Gender Discrimination

Workplace gender discrimination is common, even though it is prohibited under federal and state laws. The federal law prohibiting gender discrimination is Title VII. Gender discrimination can occur when an employee is harassed because of their gender, not promoted because of their gender, limited in terms of raises because of their gender, paid a particular rate due to their gender, or terminated because of their gender. Under both Title VII and the Florida Civil Rights Act, employers are not allowed to make employment decisions based on sex or gender stereotypes. In order to show compensation discrimination, for example, you will need to show that you have a job similar to jobs held by higher paid employees of the opposite sex.

Pregnancy and Family Responsibility Discrimination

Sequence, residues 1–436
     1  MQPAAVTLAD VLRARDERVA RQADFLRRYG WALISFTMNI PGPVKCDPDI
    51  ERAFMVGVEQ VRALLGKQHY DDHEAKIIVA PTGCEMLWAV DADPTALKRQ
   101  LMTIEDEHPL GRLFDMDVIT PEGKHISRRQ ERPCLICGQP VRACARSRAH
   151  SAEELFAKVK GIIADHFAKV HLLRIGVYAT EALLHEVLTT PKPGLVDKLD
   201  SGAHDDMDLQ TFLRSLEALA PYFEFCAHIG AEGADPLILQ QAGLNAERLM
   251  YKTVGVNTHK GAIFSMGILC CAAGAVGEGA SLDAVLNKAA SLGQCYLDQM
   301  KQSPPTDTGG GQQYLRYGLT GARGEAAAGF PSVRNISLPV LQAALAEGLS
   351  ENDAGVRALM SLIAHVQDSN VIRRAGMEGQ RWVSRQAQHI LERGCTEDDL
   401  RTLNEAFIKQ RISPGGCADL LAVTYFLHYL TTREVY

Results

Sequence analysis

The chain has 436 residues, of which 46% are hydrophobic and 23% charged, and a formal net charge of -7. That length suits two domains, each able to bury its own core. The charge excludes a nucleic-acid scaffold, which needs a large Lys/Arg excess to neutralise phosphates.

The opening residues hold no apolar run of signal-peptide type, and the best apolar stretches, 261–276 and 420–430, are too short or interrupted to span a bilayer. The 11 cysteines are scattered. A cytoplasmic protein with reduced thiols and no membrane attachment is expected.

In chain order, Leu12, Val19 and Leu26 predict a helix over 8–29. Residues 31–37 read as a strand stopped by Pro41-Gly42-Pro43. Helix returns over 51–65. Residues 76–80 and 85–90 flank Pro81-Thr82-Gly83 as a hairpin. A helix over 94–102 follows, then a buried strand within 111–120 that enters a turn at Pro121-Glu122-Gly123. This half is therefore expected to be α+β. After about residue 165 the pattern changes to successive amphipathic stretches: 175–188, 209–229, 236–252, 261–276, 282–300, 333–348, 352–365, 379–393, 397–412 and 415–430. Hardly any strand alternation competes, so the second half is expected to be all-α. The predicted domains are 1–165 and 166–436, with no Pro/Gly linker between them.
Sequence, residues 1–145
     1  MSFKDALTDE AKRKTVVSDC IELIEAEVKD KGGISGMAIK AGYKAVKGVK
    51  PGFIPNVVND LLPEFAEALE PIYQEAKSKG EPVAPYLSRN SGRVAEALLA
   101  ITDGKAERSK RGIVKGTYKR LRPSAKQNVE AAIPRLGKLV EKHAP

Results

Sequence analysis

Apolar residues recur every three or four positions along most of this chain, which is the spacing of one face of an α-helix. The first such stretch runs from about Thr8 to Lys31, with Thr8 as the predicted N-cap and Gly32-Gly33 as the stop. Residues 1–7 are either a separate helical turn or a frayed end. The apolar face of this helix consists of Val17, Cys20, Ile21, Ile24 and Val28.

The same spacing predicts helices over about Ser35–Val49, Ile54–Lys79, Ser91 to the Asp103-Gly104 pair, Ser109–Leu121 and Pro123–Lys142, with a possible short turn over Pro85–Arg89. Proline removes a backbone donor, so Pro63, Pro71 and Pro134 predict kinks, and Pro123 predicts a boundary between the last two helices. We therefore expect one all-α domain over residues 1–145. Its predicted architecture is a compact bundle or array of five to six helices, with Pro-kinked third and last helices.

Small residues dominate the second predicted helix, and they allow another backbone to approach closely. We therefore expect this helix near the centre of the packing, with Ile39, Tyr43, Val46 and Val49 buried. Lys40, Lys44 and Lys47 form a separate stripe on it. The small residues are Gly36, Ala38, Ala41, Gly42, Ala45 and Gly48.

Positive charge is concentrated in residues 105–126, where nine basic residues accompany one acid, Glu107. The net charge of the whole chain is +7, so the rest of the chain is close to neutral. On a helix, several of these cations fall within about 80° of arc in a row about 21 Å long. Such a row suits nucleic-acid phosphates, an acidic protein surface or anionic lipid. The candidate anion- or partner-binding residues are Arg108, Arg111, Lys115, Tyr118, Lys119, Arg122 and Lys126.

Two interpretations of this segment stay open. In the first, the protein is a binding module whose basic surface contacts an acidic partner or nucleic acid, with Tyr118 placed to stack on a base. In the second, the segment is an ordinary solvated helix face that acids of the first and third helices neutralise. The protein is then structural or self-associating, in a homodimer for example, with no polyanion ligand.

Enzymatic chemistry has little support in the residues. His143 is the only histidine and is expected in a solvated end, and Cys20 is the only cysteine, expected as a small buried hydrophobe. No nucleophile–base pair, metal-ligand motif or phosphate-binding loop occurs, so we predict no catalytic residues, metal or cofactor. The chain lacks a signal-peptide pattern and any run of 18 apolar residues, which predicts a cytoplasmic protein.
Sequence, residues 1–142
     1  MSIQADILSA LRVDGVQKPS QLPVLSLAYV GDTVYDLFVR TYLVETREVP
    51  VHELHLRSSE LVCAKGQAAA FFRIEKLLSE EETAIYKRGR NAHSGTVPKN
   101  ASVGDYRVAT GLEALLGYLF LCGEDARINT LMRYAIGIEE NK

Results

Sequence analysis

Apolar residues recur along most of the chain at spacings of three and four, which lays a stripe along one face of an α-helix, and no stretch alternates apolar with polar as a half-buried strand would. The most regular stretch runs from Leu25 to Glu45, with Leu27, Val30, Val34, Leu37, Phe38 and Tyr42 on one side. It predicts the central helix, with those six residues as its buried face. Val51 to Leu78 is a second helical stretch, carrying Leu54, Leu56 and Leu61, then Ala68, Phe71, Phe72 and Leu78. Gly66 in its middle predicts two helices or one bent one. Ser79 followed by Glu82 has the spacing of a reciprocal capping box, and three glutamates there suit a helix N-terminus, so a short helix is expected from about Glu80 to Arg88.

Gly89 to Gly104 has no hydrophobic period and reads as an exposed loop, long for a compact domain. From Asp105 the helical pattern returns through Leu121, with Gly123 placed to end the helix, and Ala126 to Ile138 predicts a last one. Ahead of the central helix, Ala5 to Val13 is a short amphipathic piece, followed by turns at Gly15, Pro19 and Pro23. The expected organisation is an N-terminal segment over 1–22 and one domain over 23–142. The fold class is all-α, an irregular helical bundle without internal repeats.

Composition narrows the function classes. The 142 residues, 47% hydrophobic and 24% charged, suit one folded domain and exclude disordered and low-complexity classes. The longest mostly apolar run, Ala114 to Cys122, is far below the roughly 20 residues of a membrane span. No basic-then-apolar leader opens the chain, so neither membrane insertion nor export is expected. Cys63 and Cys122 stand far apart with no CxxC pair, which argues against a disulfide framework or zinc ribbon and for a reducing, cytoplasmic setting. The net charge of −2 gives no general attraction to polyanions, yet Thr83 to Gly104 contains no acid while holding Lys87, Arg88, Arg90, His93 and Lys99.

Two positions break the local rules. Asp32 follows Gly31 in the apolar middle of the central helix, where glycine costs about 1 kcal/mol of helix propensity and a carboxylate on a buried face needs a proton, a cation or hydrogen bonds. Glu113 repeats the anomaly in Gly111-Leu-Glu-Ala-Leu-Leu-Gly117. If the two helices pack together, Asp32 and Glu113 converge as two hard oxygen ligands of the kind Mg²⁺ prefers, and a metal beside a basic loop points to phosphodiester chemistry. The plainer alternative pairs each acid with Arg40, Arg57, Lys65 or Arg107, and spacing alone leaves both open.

Employers can be held accountable when they discriminate against employees due to pregnancy or family responsibilities. The Pregnancy Discrimination Act is a federal law that amended Title VII and protects against pregnancy discrimination. Florida law also prohibits pregnancy discrimination in the workplace, so a Fort Lauderdale employment attorney can potentially bring a claim under either law. No express law prohibits discrimination on the basis of family responsibilities, but this type of discrimination is prohibited implicitly under multiple laws, including Title VII’s prohibition on sex stereotyping and the Family and Medical Leave Act (FMLA). Moreover, it is unlawful under Florida law to discriminate based on marital status.

Age Discrimination

Both the ADEA and the FCRA make it unlawful for an employer to terminate you, refuse to hire you, harass you, or otherwise discriminate against you based on your age. To be protected against age discrimination under the ADEA, you need to be at least 40. There are certain protections for employees covered by the ADEA with regard to severance agreements. Under Florida law, employers are not allowed to restrict, classify, or segregate employees in a way that would take away their employment opportunities or adversely affect them based on their age.

Sexual Harassment